Serena Williams won a second French Open title 11 years after her first with a convincing win over defending champion Maria Sharapova.
World number one Serena Williams, 31, was pushed at times but took control midway through the first set, winning 6-4, 6-4, in one hour and 46 minutes.
Serena Williams has now claimed 16 Grand Slam singles titles, moving her to within two of Martina Navratilova and Chris Evert, who have 18 each.
With an unbeaten run that stands at 31 matches, Serena Williams will be strongly favoured to add to that tally at Wimbledon next month.
“Today, when I won, I was trying to win the French Open. I wasn’t trying to get to number 16,” said Serena Williams.
“I think it’s really special. I feel like I definitely want to continue my journey.”
Maria Sharapova had come into Saturday’s final promising to “try something different” after failing to beat Serena Williams in their last 12 matches, stretching back to 2004.
Key to the Russian’s hopes was defending a serve that has been plagued by double faults in recent times.
At 0-40 in the opening game, things already looked bleak for Maria Sharapova, but she dug in and fired down an ace and one terrific second serve as she saw off four break points.
The second seed took that momentum into the following game to break the mighty american serve, and looked well set in the next at 40-15 – before Williams sparked into life.
A heavy forehand winner helped her back into the game and when she thumped away a smash on break point, Serena Williams let out a “come on!” that was the equal of Maria Sharapova’s early efforts.
Serena Williams won a second French Open title 11 years after her first with a convincing win over defending champion Maria Sharapova
Four games in a row put Serena Williams in command at 4-2, but Maria Sharapova showed the grit that has taken her to four Grand Slam titles as she battled her way back to 4-4 in some fierce baseline exchanges.
With the pressure on, Serena Williams raised her intensity still further and produced the kind of hitting that even Maria Sharapova cannot live with, forcing the Russian into a forehand error in game nine before serving out the set after 51 minutes.
That was five minutes longer than Sara Errani had managed to delay Serena Williams in their entire semi-final, and Maria Sharapova continued to cling on gamely.
She saved five break points in a gripping first game of the second set but, unable to trouble Serena Williams’ serve, she found herself under pressure again moments later.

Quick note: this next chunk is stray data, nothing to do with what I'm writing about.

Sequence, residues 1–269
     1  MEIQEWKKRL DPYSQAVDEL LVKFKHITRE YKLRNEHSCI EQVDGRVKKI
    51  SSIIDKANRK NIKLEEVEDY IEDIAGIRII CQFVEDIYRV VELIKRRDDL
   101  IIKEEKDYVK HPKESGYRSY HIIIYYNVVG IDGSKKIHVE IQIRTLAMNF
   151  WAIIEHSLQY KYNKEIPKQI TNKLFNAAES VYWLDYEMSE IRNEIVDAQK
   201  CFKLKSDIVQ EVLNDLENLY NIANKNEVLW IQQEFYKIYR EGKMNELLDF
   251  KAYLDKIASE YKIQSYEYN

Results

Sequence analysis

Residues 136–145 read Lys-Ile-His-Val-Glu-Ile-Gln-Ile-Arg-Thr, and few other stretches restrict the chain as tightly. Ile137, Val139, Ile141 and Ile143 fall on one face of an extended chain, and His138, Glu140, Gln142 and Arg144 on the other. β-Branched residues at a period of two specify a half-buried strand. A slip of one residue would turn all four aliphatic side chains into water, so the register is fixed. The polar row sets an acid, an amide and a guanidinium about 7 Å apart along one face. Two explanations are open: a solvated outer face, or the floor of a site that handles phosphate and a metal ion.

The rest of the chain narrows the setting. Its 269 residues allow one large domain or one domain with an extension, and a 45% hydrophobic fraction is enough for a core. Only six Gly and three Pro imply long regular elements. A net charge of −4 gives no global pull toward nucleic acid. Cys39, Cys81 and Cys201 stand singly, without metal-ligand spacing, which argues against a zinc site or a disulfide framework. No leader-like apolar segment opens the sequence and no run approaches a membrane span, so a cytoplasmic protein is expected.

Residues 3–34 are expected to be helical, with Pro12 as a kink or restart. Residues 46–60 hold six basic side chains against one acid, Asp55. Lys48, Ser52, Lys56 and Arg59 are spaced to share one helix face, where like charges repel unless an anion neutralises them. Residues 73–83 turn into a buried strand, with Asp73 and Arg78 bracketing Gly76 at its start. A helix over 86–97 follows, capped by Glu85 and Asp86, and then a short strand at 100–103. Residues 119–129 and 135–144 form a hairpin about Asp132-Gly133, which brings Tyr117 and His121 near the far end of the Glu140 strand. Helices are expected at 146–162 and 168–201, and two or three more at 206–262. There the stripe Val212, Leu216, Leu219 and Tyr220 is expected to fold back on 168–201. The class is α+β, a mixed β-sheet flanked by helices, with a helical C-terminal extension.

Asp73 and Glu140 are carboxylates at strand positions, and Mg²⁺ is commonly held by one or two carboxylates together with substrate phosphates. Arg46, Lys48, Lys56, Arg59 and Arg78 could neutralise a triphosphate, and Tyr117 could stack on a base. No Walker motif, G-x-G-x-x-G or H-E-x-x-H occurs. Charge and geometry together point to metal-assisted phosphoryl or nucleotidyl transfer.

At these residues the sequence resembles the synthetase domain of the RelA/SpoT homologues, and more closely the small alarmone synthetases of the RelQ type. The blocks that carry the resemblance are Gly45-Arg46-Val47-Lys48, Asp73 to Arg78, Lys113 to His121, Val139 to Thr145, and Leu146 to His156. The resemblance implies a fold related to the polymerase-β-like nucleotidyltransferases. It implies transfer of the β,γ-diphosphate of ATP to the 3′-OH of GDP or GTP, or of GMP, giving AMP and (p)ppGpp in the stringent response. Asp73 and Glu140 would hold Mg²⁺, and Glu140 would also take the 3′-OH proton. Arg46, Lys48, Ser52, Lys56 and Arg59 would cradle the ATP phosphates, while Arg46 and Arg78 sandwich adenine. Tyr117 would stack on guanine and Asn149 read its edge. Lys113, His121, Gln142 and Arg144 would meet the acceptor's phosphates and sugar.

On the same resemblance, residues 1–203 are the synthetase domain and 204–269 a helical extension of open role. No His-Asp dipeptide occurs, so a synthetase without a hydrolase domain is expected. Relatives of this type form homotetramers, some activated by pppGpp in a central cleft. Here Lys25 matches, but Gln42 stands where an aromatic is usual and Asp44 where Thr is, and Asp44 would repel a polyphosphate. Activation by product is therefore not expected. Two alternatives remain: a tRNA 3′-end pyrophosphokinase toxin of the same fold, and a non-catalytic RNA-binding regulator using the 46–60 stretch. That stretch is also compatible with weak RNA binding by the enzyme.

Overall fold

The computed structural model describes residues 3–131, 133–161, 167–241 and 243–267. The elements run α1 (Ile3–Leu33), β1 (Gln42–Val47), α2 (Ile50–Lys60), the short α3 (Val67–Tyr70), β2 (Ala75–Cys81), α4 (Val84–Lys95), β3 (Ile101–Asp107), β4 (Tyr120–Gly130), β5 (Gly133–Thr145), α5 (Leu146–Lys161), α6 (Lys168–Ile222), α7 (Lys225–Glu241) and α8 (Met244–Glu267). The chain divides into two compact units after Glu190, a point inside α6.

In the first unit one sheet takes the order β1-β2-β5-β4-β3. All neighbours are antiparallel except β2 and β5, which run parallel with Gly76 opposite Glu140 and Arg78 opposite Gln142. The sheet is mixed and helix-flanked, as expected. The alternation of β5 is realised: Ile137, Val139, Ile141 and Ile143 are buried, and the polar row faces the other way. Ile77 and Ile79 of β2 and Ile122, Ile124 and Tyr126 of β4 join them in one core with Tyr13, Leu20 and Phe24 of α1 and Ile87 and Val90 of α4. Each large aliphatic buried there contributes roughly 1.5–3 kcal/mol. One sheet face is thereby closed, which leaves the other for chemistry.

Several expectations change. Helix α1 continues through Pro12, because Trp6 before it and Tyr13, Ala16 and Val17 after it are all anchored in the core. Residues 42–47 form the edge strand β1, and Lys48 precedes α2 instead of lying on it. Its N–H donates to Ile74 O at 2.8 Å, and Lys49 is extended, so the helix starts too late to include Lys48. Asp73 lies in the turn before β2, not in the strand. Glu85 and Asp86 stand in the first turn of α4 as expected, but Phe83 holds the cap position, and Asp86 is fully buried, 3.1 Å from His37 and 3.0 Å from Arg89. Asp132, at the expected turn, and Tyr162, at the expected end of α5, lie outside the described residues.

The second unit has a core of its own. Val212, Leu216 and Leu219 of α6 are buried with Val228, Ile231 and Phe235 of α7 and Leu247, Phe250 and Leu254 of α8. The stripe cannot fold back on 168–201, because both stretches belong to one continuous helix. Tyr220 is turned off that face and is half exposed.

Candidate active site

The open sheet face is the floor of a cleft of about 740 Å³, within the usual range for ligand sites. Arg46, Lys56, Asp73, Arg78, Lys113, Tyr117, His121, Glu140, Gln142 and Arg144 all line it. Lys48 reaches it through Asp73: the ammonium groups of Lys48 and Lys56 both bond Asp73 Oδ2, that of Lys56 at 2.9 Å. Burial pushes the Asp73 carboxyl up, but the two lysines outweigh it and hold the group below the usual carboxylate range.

Serena Williams proved just how much she has improved her movement on clay as she slid out wide for one defensive backhand on the way to breaking in game three, and she would not relinquish the advantage.
The 15,000 spectators in the main Chatrier stadium cheered Maria Sharapova as she held serve from 30-30 with defeat looming, but she was not about to be given a reprieve by her opponent.
Serena Williams demonstrated once again that her serve is the best shot in the game, firing down an ace to secure the title and dropping to her knees in celebration.
Maria Sharapova said: “She played a great match. She played strong, she played deep, served really good; served better than I did. She took her chances.”
US champion Serena Williams couldn’t hide her glee after storming to Olympic victory against Russia’s Maria Sharapova and celebrated with a crip walk.
After routing Maria Sharapova 6-0, 6-1, Serena Williams showed off some impressive dancing skills on Wimbledon’s grass centre court.
“I don’t think I’ve ever danced like that,” Serena Williams said.
“I don’t even know where the dance came from.”
However, Serena Williams certainly had plenty to dance about – today’s medal was her first Olympic gold in a singles match and means she has achieved a career Golden Slam.
Serena Williams defeated Maria Sharapova easily and finished off the match by serving two aces. She jumped for joy before performing her little victory dance as her sister, Venus Williams, watched on grinning.
“I didn’t think it could get better than winning Wimbledon,” Serena Williams said as she came off the court.
Serena Williams wins first singles Olympic gold after beating Maria Sharapova
In an incredible display of prowess, Serena Williams served three aces in the opening game, broke Maria Sharapova’s serve in the second game before racing on to win the match.